Regards
David
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Old 9th February 2014, 08:37 PM   #880
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Quote:
Originally Posted by AVWERK View Post
Is there any frequency issues with the panels on tone bursts or impulse response at certain frequencys within safe SPL limits?

I ask because I am considering a set of acoustats to try out in the future but don,t want uncontrolled ringing that points to "signature" sound at any level of uncontrolled output.

Regards
David
Ringing? I associate that with the inability of a transducer to stop motion after a signal has ceased to to be sent to it. This is partially a function of mass. Seeing how an esl speaker has incredibly low mass, this is a non issue, one of the reasons why the music sounds so startling realistic.
I have heard no issue in freq response at any volume. It is possible you can hear some but that can be due to improper setup.
I played around with the MCAAC calibration on my pio receiver when I first got my 2+2's and with room treatment and perfect angling, at every calibration point, there was not a deviation of more than 2 db. Anything under 3 db is deemed too small for the ear to perceive so you can say that these speakers can have a flat response, very impressive.I listened with my pio receiver serving as a preamp, now use a Carver C-1.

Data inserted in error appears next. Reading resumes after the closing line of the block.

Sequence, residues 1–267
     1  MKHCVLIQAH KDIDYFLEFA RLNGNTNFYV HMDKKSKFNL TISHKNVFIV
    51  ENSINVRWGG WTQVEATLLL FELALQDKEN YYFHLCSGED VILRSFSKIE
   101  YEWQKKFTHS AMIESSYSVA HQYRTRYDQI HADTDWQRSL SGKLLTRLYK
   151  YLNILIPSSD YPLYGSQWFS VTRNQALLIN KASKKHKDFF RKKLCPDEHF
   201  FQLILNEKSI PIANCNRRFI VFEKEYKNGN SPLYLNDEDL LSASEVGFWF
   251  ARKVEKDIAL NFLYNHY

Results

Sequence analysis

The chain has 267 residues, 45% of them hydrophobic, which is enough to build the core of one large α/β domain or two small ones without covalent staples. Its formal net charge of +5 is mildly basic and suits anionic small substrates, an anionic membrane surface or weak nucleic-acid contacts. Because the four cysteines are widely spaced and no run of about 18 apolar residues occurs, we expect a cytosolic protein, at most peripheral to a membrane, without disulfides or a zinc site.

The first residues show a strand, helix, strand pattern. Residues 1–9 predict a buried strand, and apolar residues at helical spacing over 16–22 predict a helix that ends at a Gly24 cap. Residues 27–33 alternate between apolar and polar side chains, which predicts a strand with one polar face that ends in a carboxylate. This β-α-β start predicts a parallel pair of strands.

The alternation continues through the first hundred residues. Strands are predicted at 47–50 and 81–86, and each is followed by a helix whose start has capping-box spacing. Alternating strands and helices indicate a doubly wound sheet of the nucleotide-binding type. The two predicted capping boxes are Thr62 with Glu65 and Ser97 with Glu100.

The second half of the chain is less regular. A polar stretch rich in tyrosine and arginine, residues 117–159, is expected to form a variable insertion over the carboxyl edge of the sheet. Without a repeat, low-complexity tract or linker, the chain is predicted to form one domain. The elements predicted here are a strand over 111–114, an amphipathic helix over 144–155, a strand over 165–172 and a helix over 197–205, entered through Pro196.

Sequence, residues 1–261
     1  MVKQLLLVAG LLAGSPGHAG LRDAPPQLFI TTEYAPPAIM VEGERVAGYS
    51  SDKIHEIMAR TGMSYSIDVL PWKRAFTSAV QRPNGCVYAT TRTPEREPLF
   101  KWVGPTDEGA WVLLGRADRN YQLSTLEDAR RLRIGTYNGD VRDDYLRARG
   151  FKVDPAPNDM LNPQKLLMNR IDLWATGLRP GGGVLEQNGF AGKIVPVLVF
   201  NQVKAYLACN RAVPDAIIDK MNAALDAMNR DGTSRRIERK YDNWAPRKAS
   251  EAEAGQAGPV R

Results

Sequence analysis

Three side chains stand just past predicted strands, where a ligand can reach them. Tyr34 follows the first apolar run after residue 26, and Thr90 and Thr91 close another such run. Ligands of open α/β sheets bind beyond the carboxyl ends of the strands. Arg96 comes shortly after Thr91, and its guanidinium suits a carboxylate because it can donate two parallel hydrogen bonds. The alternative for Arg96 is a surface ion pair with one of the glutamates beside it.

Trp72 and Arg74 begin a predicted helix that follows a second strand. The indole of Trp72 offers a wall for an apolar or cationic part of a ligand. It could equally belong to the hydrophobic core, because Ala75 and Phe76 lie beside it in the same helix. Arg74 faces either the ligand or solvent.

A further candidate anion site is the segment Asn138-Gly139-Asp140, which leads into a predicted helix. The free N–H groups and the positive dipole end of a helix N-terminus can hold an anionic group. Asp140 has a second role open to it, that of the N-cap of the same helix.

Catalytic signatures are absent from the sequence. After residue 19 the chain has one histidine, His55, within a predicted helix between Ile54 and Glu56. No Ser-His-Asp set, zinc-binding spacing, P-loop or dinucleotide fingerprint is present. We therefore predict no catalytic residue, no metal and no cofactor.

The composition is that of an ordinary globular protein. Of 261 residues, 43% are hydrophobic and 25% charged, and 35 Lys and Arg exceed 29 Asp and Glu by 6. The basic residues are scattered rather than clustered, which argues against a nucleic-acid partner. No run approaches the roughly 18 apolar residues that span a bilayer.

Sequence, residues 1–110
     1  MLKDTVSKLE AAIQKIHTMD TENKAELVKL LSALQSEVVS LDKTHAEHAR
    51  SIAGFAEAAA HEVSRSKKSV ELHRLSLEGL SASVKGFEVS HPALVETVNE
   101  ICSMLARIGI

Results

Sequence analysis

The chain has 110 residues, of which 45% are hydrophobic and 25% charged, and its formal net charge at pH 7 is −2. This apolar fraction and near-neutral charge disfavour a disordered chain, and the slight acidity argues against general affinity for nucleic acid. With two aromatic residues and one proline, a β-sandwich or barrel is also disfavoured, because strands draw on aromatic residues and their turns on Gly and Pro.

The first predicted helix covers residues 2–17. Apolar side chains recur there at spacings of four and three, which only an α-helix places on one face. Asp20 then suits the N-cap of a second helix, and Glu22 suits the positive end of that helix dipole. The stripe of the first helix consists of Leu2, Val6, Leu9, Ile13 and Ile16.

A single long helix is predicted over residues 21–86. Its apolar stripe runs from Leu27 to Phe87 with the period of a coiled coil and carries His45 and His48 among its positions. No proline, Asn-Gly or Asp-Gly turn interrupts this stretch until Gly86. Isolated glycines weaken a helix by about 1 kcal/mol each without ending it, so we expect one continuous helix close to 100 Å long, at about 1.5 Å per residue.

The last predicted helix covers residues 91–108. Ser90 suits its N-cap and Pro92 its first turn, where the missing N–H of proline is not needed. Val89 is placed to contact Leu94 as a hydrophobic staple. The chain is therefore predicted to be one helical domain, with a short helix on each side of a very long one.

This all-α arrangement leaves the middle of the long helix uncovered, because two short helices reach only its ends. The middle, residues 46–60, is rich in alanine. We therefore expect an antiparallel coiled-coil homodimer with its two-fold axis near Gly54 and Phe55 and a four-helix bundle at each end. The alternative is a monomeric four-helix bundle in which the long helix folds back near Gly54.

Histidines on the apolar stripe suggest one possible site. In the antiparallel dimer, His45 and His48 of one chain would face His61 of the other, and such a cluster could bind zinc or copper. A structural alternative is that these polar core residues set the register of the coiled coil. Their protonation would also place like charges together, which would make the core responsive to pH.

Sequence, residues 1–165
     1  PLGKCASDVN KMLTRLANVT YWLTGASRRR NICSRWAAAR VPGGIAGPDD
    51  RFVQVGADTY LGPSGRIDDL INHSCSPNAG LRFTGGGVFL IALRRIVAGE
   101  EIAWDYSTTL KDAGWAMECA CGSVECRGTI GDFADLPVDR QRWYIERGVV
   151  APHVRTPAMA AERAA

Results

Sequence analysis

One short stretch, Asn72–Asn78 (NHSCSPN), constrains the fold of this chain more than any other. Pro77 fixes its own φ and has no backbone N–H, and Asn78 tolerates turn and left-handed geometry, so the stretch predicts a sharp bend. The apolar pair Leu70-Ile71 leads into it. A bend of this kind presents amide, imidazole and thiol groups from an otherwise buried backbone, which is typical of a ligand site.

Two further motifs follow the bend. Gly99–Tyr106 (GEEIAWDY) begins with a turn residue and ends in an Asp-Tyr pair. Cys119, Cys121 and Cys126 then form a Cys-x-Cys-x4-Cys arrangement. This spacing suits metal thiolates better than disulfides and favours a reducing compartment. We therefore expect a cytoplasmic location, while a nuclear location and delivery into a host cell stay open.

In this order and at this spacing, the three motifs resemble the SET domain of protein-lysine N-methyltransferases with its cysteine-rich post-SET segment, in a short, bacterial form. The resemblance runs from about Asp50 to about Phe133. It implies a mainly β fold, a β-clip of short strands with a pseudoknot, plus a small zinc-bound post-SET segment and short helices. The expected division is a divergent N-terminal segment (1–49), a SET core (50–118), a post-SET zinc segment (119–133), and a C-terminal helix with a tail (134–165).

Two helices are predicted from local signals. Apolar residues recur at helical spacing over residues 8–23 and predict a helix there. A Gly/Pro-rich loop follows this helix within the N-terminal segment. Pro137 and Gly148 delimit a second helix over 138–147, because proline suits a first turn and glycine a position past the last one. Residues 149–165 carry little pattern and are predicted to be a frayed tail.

My receiver had a boost at the 50hz calibration point, so I will assume that output under that kept dropping. However, the bass that I get is just so clean and tight that I'd never want to wire in a sub (and I have an Infinity ssw 212 that I could use).Yeah, mids and highs are great, but I was shocked at how good the quality of bass was.
You really need a good amp for these. The first consideration in picking out an amp is not sound quality or specs but if it can handle low impedance loads without going poof. My Hafler XL 280 fits that bill, my just recapped NAD 208 sounds much better.
One example of the importance of handling a low load can be found earlier in this thread. Someone got some 300w per channel Emotiva mono blocks and the sound was thin, with the amps shutting down from overload. My Hafler XL280 (with just 145w per channel) can work them all night at high volumes with no complaints.
In this thread, people mention amps that they use and they all can laugh at low impedences. Amps like Hafler/Transnova are common as are other less well known makes.
The other factor is that these speakers beam and you need to sit in the sweet spot.
That can be a (in my case) a reclining chair with a spot for my microbrewed beer.
In summary, you need:
1) Acoustat speakers
2) An amp that can work these speakers
3) proper setup and room treatment
4) designated sweet spot.
I won't go into the importance of good analog sources as I do listen to CD's every now and then and they sound good.
Get all of these in place and you'll have sonic nirvana. If you can do all four of these, grab yourself some cone and dome speakers and don't listen to a properly setup acoustat system- you'll kick yourself for not going the ESL route.